The first mad scrap for pole position occurred last night in its usual frenetic manner, with every class setting incredible lap times under the floodlights of Losail. But who took opening night honours, and what chances will they have come the race?
Moto3: More pack racing, slipstream will make the difference
As ever, the Moto3 field managed to provide hilarity in their messy tactics to try and use slipstreams for the all-important lap time advantage. In Q1, the qualifying system to set up the last four rows of the grid, many riders did not manage to set a competitive lap time, with veterans of the field such as Tatsuki Suzuki, taking the chequered flag before even getting a chance to push for a competitive time. This was because the aforementioned messy tactics of Q1 in Moto3 was exacerbated by Darryn Bnder (who was the fastest of the field) faking out the riders by pretending to set up for another run, before ultimately sitting back down in his garage. This meant that many riders,w ho were waiting for him to leave the pits in order to try and follow him around the circuit in hopes of gaining an advantage, were too late to set another time. As such, a smug Darryn Binder sailed into Q2 to challenge for a position on the front four rows of the grid, and he was joined by Romano Fenati, Izan Guevara and Riccardo Rossi.
In Q2 it was much the same. A gaggle of riders went out to compete for lap times, but this saw them mess each other’s lap times up as they jostled for position around the track, attempting to make use of the slipstreaming effect. This is where team mate strategies really came into effect. The most successful pairing was CIP Green’s team riders, Maximilian Kofler and Kaito Toba, who broke from the pack and helped each other to cross the line with competitive times. However, as ever with Moto3, it was the final minute where we saw riders really grit their teeth and perform. Personal Best sectors were swapped between 10 riders over the course of the final lap, with everyone snaking their way around the circuit, using every inch of the tarmac to go as fast as possible. Izan Guevara, the exceptional rookie was one of the first over the line, and it looked like a dream debut pole position was certain, but Darryn Binder, still pumped up from his passage through Q1 managed to snatch it from him, setting a blistering time of 2:04.075 to be the first polesitter of the 2021 season. Guevara kept himself on the front row in second, and John McPhee (one of the strongest title hopefuls in the field) rounds out the front row in third.
Jeremy Alcoba, Jaume Masia and Kaito Toba (2019’s Qatar GP winner) round out the top 6, and with the big pack battles that always ensue in Moto3 races, any of the top 6 in qualifying could feasibly be the race winner. With reports from the circuit of increased wind speed, it will be intriguing to see what effect this will have on the small Moto3 bikes, and who will take charge in the opening round of the championship.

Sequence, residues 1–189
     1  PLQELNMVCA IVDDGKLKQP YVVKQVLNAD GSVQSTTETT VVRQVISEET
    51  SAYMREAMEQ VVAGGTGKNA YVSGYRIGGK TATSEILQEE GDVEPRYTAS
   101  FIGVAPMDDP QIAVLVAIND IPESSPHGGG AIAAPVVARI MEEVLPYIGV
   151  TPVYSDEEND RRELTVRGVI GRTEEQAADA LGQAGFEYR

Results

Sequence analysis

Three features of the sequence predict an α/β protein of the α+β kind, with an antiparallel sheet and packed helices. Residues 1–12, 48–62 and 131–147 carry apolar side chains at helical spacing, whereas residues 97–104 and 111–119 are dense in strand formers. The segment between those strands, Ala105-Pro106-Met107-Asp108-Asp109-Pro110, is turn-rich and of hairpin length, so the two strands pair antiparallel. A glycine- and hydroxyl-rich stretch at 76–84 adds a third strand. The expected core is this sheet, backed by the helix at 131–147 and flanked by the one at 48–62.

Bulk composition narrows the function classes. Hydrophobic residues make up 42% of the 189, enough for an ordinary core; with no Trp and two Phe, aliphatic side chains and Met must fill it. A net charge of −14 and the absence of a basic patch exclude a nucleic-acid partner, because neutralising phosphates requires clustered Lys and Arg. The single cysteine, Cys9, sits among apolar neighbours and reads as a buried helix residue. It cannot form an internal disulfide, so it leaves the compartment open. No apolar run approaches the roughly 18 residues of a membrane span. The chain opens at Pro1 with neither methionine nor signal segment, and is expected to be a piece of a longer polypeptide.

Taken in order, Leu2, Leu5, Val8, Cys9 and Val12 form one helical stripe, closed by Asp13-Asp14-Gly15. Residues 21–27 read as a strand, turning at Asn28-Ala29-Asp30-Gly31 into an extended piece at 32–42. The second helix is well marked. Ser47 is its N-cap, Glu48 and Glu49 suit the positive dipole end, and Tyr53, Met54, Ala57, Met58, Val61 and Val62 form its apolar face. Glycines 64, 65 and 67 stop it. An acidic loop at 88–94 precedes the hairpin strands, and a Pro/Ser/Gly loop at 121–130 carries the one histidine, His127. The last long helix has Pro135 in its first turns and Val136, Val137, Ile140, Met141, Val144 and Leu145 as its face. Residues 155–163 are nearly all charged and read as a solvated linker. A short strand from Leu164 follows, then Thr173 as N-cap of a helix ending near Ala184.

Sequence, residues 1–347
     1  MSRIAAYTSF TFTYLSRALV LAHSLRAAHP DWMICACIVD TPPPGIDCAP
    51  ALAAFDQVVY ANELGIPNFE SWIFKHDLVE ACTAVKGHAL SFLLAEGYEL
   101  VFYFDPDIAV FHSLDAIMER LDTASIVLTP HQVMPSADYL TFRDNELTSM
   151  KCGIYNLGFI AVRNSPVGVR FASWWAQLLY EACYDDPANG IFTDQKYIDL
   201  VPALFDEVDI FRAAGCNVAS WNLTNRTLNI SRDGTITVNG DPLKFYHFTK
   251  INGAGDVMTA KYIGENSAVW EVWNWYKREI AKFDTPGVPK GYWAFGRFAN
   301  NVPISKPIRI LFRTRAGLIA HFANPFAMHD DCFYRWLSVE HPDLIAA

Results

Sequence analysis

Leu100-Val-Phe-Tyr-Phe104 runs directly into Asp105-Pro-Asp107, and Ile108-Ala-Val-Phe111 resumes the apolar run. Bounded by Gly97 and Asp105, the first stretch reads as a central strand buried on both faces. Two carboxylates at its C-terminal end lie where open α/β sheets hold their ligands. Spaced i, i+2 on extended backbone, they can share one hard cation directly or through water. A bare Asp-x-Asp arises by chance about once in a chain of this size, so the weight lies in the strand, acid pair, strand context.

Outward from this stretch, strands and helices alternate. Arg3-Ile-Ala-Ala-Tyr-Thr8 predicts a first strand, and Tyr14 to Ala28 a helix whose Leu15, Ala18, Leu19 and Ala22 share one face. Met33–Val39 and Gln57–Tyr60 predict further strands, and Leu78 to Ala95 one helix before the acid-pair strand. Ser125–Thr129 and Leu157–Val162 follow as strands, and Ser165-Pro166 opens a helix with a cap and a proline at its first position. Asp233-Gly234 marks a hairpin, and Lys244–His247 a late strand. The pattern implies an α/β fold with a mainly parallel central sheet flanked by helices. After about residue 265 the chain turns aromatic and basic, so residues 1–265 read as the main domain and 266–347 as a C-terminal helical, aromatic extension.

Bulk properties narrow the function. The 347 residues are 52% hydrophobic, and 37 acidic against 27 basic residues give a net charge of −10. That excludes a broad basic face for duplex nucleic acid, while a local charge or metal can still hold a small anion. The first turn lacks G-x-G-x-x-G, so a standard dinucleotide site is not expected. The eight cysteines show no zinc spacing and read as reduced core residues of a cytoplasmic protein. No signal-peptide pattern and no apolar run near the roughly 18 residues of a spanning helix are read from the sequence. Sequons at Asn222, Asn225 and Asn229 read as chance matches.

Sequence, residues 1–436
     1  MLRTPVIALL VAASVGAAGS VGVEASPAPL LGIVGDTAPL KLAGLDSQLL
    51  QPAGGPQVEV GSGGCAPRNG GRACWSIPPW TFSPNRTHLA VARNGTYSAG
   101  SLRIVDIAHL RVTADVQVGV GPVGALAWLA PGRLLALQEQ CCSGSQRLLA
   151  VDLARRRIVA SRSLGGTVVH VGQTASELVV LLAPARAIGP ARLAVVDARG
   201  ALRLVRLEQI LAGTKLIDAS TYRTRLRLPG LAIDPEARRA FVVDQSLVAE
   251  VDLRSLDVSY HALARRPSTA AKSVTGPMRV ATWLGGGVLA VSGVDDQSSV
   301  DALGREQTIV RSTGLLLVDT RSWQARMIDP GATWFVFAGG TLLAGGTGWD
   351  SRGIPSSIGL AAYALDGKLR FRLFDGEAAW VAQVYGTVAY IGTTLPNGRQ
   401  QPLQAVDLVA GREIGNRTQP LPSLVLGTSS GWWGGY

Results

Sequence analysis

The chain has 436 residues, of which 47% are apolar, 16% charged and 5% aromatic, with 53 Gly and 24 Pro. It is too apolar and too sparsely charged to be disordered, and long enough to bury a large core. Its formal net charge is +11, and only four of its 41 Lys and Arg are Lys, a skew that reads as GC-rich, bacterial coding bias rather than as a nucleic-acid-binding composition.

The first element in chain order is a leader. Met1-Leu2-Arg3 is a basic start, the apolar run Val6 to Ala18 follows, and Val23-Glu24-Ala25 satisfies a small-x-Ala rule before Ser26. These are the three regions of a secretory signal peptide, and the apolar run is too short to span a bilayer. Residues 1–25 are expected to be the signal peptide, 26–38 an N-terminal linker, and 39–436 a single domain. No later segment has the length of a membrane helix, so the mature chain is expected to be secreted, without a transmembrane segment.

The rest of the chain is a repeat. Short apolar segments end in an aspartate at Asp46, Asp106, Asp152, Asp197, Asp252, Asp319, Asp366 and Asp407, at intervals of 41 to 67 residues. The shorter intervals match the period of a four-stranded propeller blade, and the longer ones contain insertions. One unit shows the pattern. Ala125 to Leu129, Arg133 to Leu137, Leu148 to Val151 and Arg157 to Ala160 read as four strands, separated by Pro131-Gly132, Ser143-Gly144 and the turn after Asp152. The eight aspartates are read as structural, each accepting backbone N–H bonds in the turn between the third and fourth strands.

Moto2: Can the Brits take charge?
Where the Moto3 field struggle to set lap times in qualifying because of too much messing around playing the waiting game in pit lane, Moto2 suffers with no such issue, with riders happy to go out and set multiple lap times throughout the session on a single set of tyres, because the Dunlop rubber is optimal once it has had a couple of laps wear put on it. Some of the big names to miss out on a spot in the top 14 were Fabio Di Giannantonio, Augusto Fernandez and the reigning Moto3 world champion Albert Arenas, who is one fo the rookies in this year’s Moto2 campaign. Arenas and Fernandez struggled in the session, but Di Giannantonio managed to set a competitive lap time that saw him move into Q2, along will rookie Celestino Vietti, Somkiat Chantra and 2019’s Moto3 World Chamion Lorenzo DallaPorta, who last year struggled to adjust to the bigger Moto2 bike.
In Q2, the riders expected to take top spots were Sam Lowes and Marco Bezzechi, the favourites for this year’s title fight, because they have been dominant through the free practice sessions. However, the Red Bull KTM Ajo boys were eager to get stuck in, using teamwork to blitz the field in the opening runs. Initially, Lowes struggled to set a lap time, going past track limits and getting his times scrubbed off. However, as soon as Lowes settled into his rhythm, he was untouchable. Lowes took the top spot and is the first polesitter in the intermediate class, with a lap of 1:58.726, a good tenth faster than the rest of the field. Rookie Raul Fernandez with the KTM Ajo team made it an impressive debut in the class by securing a second place start on the grid, and Bo Bendsneyder, who was very nearly displaced to World Super Sport after a disappointing 2020 season, managed to round out the front row after showing decent form all weekend thus far.
Marco Bezzechi heads the second row from Joe Roberts (last year’s polesitter in Moto2 for the Qatar GP) and Remy Gardner (the winner of the final round of 2020.) Elsewhere, the Petronas team mates Jake Dixon and Xavi Vierge had difficulties, with Vierge crashing into Dixon while Dixon was cruising on the racing line. Neither has managed a top 10 qualifying position because of this. For the race, again I would count on the top 6 all fighting for the win, with Fernandez maybe losing out due to a lack of experience within the class. However, Lowes has shown the superior race pace across free practice so he may take first blood in the championship fight.